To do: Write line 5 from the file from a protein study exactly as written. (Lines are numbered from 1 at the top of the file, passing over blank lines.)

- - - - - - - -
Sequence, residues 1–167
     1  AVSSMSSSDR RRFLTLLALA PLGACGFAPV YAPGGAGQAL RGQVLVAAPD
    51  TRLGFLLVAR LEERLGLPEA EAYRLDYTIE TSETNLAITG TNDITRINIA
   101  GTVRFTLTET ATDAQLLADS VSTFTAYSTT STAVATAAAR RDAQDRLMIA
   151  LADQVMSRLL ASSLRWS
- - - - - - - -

   151  LADQVMSRLL ASSLRWS